How to Add a Custom Slug to the URL Structure of WordPress Posts

In WordPress, customizing the URL structure of your posts can improve organization and search engine optimization (SEO). By default, WordPress applies the same permalink structure to all post types, including custom post types. However, in certain scenarios, you may require a different URL structure or exclude specific post types from the custom slug. In this tutorial, we will guide you through the process of adding a custom slug to the URL structure of posts in WordPress while addressing these considerations. This method allows you to easily customize the permalinks without using plugins.

Before proceeding with any customizations in WordPress, it’s essential to set up a child theme. A child theme acts as a safe and efficient way to make modifications without affecting the parent theme. If you haven’t set up a child theme yet, follow this tutorial on How to Create a Child Theme for Customization. It will guide you through the process and ensure that your customizations remain intact even after theme updates.

Open Permalink Settings and Define Custom Slug

Once logged in, navigate to “Settings” in the WordPress sidebar menu and click on “Permalinks“. In the Permalink Settings page, select the “Custom Structure” option. This allows you to define a custom permalink structure In the Custom Structure field, enter the desired structure for your posts. For example, you can use “/blog/%postname%/” to add a “/blog/” prefix to the URL structure. This will result in URLs like “yourwebsite.com/blog/sample-post/“.

Click the “Save Changes” button at the bottom of the page to save your permalink settings.

Open the “functions.php” File

Next, open the “functions.php” file of your WordPress theme in a code editor. You can find this file in the theme directory, typically located at “wp-content/themes/your-theme-name/functions.php“.

Add the Custom Slug Function

Inside the “functions.php” file, add the following code snippet:

function change_post_types_slug( $args, $post_type ) {
	// Check if the post type is not equal to "post"
	if ( 'post' !== $post_type ) {
		// Modify the rewrite slug for custom post types
		$args['rewrite'] = array(
			'with_front' => false, // Set to false to exclude the custom slug from the front of the permalink structure
			'slug'       => $post_type, // Assign the custom post type's name as the slug
		);
	}
	return $args;
}
add_filter( 'register_post_type_args', 'change_post_types_slug', 10, 2 );
Code language: PHP (php)

This code snippet modifies the slugs in the URLs of custom post types with a detail page. In our case, we’re focusing on the default “post” post type.

The change_post_types_slug function is a custom function that is hooked into the register_post_type_args filter hook. This allows us to modify the post type arguments during registration.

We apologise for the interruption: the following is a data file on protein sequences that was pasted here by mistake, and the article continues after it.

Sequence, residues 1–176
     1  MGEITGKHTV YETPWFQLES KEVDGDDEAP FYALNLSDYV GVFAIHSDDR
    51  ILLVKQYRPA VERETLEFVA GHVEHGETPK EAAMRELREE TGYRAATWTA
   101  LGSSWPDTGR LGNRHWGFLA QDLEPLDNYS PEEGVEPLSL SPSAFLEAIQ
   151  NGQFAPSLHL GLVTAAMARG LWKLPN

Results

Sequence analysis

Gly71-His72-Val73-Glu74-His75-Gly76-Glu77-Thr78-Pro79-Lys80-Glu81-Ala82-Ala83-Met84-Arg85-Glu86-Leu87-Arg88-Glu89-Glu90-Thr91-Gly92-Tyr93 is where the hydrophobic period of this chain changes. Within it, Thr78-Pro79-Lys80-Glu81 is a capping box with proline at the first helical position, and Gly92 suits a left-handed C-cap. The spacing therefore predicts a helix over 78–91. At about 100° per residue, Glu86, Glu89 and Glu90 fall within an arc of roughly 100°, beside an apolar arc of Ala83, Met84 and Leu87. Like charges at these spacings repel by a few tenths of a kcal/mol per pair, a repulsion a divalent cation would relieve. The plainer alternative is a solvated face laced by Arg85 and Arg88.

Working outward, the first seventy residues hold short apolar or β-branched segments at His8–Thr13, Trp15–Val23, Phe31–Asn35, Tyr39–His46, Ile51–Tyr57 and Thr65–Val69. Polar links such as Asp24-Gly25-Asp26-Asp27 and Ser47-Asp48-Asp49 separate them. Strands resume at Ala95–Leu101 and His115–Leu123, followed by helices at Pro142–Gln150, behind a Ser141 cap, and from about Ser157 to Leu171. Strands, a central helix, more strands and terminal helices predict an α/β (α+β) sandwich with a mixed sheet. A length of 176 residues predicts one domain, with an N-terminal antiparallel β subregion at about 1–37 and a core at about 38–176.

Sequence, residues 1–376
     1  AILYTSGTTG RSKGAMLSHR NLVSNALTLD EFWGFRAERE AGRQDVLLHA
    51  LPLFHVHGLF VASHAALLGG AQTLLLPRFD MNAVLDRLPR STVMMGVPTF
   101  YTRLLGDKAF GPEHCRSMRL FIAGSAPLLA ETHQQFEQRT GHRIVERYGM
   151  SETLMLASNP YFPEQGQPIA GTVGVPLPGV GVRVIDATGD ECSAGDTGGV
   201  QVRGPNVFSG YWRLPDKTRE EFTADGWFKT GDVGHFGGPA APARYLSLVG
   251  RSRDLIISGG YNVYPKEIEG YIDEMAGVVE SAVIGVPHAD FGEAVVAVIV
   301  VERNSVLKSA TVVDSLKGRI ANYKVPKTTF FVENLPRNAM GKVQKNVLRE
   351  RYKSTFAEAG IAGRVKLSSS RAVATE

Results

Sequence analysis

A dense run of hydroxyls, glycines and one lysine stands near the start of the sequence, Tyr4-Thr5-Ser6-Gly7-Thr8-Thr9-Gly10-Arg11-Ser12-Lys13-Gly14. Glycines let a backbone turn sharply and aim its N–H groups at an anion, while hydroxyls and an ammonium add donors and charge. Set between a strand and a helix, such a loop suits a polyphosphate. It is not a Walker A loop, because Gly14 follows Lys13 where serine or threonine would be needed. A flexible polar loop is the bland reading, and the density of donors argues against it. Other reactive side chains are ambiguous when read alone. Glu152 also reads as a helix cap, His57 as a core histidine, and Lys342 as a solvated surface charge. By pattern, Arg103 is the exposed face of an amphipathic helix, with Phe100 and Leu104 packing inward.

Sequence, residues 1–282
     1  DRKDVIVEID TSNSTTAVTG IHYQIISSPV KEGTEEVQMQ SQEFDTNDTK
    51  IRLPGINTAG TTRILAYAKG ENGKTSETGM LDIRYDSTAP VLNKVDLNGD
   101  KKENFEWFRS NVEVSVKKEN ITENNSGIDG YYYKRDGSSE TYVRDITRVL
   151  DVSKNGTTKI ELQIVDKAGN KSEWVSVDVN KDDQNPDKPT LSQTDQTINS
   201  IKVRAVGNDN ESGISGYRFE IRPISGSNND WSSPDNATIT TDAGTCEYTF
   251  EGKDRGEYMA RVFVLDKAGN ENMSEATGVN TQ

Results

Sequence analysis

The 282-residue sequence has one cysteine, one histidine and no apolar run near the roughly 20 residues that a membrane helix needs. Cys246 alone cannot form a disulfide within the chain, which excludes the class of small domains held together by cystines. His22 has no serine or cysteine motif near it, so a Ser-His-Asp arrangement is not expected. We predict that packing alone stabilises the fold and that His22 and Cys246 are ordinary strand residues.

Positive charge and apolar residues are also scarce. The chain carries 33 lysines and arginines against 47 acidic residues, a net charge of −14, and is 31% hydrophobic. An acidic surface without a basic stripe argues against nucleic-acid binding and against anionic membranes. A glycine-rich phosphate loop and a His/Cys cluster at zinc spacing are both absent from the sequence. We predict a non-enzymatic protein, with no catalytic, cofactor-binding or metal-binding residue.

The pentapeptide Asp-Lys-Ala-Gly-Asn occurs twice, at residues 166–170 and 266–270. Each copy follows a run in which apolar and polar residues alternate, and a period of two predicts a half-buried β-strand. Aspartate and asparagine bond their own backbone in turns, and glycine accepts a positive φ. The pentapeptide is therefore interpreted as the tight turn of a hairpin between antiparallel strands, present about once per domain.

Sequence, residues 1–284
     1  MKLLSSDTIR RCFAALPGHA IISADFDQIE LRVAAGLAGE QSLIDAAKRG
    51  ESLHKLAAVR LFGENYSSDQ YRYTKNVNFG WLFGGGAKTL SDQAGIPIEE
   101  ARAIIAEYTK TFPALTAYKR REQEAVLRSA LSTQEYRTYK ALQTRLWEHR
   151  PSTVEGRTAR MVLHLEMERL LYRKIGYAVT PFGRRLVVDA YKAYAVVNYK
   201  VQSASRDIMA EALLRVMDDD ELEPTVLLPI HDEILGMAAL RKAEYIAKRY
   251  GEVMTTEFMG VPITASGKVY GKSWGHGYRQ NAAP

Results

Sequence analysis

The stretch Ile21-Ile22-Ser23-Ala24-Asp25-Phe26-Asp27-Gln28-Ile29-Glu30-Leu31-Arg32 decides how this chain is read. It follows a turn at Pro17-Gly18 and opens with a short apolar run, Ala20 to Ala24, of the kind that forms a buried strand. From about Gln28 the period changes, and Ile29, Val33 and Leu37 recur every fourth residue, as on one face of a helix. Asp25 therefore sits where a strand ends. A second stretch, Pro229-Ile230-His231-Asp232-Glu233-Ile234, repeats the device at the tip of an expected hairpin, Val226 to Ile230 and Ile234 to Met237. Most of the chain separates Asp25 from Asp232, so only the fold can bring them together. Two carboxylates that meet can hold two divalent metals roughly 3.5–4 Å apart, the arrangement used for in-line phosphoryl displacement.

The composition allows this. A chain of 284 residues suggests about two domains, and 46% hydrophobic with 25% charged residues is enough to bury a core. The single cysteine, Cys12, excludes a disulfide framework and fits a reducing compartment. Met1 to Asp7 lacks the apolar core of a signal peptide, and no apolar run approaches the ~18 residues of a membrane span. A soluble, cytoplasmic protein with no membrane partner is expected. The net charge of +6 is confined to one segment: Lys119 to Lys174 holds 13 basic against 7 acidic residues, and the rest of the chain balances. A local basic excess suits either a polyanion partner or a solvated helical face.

Inside the function, we use a conditional statement (if) to check if the post type is not equal to “post”. This condition ensures that the modification is only applied to custom post types, not the default “post” post type.

If the condition is true, we modify the rewrite rules for the custom post type. The 'with_front' => false setting ensures that the custom slug is not added to the front of the permalink structure. The 'slug' => $post_type setting assigns the custom post type’s name as the slug, which allows each custom post type to retain its own URL structure.

By implementing this code snippet, the custom slug (“/blog/”) will only be applied to the default “post” post type, while other custom post types used for different purposes will maintain their own URL structure without the “/blog/” prefix.

Save the Changes and Test the New URL Structure

Save the modifications made to the “functions.php” file. Now, navigate to one of your posts and check the URL structure. It should now include the custom slug you defined, such as “/blog/“. For example, if you set the custom slug as “blog”, a post titled “Sample Post” would have a URL like “yourwebsite.com/blog/sample-post/“.

That’s it! You have successfully added a custom slug to the URL structure of posts in WordPress. By using the built-in permalink settings and the provided code snippet, you can easily customize the permalinks for your posts without the need for plugins. Remember to save your changes and test the new URL structure to ensure everything is working as expected.

Note: When modifying the permalink structure, it is important to set up proper redirects for existing content to avoid broken links and maintain SEO rankings.

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